The House Appropriations subcommittee chairman charged with funding U.S. EPA and the Interior Department yesterday said he will seek input from the agencies on how to slash billions of dollars from their fiscal 2012 budgets.
House appropriators this week released their proposed spending levels for the 12 annual appropriations bills, and the Interior and Environment Appropriations Subcommittee, headed by Rep. Mike Simpson (R-Idaho), was allotted $27.5 billion for the agencies it funds. This represents a $2 billion reduction compared with enacted levels, and nearly $4 billion less than the president requested for EPA, Interior and other related agencies.
Simpson said he was not surprised his subcommittee will be working with a tight budget when it writes its spending bill this spring and summer. "I knew it was going to be down there somewhere," he said.
He said the committee and staff will spend the next few weeks asking the agencies for their input on how to cut money from their budgets in the least disruptive way possible.
"We go to them and say, 'Which ones will be least impactful?' That doesn't mean they agree with what we do, but if I'm going to cut $200 million from the Forest Service," he said, giving a hypothetical example, "I'm going to ask the Forest Service, 'Where can you absorb those cuts with the least harm?'"
"We'll do kind of a hypothetical budget," Simpson said. He added that the subcommittee will likely mark up its bill in July.
Simpson said he "wouldn't be surprised" if many of the reductions came from EPA's regulatory programs, such as the ones tasked with curbing carbon dioxide and other industrial emissions.
But Rep. Jim Moran (D-Va.), the subcommittee's top Democrat, said regulatory programs could hardly contribute much to the cuts proposed by the Republican majority.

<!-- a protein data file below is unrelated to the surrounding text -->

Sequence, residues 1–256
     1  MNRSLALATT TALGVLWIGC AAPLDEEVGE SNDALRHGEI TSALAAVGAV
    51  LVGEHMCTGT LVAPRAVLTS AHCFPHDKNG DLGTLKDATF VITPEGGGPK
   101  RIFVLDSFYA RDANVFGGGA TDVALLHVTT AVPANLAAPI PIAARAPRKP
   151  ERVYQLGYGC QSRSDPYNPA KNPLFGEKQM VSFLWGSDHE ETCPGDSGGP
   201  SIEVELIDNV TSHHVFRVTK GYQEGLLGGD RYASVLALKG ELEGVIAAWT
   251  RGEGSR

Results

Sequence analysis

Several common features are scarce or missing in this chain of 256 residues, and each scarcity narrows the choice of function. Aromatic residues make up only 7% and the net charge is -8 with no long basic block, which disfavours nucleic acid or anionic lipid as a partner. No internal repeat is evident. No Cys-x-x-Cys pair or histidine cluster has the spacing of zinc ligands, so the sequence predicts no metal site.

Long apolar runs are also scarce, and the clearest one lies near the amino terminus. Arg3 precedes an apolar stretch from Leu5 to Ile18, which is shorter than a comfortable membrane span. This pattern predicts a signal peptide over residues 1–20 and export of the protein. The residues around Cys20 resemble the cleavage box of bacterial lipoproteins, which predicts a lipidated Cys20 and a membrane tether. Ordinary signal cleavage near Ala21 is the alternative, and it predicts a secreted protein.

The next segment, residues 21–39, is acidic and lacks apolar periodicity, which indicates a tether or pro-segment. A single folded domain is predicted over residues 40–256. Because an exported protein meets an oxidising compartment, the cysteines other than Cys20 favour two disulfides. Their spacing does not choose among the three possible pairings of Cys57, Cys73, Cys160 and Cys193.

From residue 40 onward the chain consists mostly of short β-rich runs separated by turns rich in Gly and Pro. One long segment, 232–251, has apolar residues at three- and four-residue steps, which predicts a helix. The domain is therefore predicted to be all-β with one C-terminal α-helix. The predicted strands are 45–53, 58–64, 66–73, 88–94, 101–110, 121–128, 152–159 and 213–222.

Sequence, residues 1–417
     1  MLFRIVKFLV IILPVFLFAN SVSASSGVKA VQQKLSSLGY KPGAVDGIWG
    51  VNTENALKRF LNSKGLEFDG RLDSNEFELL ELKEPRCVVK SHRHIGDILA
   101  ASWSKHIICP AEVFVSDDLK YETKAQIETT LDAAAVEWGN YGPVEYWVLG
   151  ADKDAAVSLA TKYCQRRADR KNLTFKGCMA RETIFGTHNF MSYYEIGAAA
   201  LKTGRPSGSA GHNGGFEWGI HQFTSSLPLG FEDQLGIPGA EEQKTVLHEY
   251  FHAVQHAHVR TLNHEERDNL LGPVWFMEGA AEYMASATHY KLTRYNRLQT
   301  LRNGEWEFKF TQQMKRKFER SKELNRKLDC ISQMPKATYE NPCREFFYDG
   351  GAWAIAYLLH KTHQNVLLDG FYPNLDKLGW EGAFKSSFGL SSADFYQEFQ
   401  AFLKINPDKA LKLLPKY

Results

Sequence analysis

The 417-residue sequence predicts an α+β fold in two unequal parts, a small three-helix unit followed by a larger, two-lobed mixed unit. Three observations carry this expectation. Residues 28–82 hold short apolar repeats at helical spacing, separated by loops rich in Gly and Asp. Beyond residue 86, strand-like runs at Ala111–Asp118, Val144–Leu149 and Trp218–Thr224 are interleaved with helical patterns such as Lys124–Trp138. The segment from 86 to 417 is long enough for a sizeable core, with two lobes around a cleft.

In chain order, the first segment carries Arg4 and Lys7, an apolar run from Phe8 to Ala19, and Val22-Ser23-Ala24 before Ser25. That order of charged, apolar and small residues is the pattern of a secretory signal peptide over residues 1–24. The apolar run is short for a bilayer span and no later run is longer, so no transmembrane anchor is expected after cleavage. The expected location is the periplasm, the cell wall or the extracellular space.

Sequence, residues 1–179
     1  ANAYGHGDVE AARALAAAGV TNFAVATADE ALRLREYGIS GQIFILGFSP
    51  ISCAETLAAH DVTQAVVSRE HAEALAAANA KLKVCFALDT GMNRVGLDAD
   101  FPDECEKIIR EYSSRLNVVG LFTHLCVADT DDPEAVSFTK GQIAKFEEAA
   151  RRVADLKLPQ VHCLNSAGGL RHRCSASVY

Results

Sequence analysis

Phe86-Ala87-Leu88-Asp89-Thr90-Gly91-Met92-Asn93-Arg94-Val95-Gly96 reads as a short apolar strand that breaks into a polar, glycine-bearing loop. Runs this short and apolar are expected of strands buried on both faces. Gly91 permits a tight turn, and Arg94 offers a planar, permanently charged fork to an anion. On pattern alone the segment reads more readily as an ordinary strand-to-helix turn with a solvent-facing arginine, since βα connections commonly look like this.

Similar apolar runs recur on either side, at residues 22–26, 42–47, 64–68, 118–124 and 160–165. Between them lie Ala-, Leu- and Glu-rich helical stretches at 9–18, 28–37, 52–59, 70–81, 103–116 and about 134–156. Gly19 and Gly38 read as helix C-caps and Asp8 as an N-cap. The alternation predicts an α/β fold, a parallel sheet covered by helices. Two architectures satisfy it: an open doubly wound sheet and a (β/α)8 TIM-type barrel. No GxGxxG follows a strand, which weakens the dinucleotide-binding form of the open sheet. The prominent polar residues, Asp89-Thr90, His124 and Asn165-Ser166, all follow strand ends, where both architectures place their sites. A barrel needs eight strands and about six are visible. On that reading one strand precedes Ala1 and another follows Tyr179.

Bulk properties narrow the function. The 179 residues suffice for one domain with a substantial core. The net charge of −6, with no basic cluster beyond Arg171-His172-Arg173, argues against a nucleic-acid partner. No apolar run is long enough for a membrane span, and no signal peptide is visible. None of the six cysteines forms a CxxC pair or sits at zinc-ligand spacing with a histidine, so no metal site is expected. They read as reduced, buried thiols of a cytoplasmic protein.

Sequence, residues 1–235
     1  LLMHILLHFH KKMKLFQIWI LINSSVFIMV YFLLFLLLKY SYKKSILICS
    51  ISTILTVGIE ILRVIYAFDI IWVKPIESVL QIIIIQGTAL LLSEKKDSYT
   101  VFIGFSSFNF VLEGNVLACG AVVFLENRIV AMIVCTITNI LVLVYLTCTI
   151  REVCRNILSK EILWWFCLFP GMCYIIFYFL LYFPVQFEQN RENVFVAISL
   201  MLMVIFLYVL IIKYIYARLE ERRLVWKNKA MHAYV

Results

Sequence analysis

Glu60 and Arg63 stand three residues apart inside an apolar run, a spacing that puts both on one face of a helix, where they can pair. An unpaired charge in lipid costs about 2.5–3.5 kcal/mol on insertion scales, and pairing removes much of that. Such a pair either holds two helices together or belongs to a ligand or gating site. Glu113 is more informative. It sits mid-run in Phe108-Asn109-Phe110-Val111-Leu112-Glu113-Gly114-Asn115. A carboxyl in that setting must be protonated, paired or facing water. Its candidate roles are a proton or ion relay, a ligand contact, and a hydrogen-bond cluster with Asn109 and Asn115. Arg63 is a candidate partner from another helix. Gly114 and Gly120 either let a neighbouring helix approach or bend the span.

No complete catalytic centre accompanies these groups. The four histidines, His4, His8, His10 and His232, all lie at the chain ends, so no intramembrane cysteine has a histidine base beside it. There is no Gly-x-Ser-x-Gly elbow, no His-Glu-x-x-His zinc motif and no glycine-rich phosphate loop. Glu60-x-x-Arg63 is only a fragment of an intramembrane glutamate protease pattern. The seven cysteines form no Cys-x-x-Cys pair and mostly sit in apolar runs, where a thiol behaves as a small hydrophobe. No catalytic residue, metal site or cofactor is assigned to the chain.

"Regulation programs don't cost much at all. That's just administrative people for EPA. That doesn't save any money," Moran said.
The largest budgets at EPA and Interior are for infrastructure programs like the Drinking Water State Revolving Fund and the Clean Water State Revolving Fund, which provide inexpensive financing to states for water and sewer projects.
"That's where the big money is," he said. "So it will come out of governors' pockets, if that's what they want to do. And most of the governors are Republicans."
But Moran was doubtful the cuts would create a voter backlash against congressional Republicans if municipal water projects stall.
"I think voters generally don't notice projects, because you know they're not visible," Moran said. "They see people dig and they don't know what they're digging. But it's terribly important."
Moran agreed with Simpson that it makes sense to consult affected agencies when making spending decisions but said that would not prevent the bill from doing real harm to vital programs.
"You're sort of asking, 'What child shall we take?'" he said. "It's going to be hard for the agencies to pick and choose what to sacrifice."
Rep. Henry Waxman (D-Calif.) said that while he had not looked at the appropriations allocations, he suspected Republicans would seek to punish regulatory agencies.
"I know that Republicans have declared war on the EPA and the idea of a government in the first place that does anything to protect the health and welfare and environment of the American people," he said, adding that drastic cuts to the EPA's budget would impede its ability to do its job.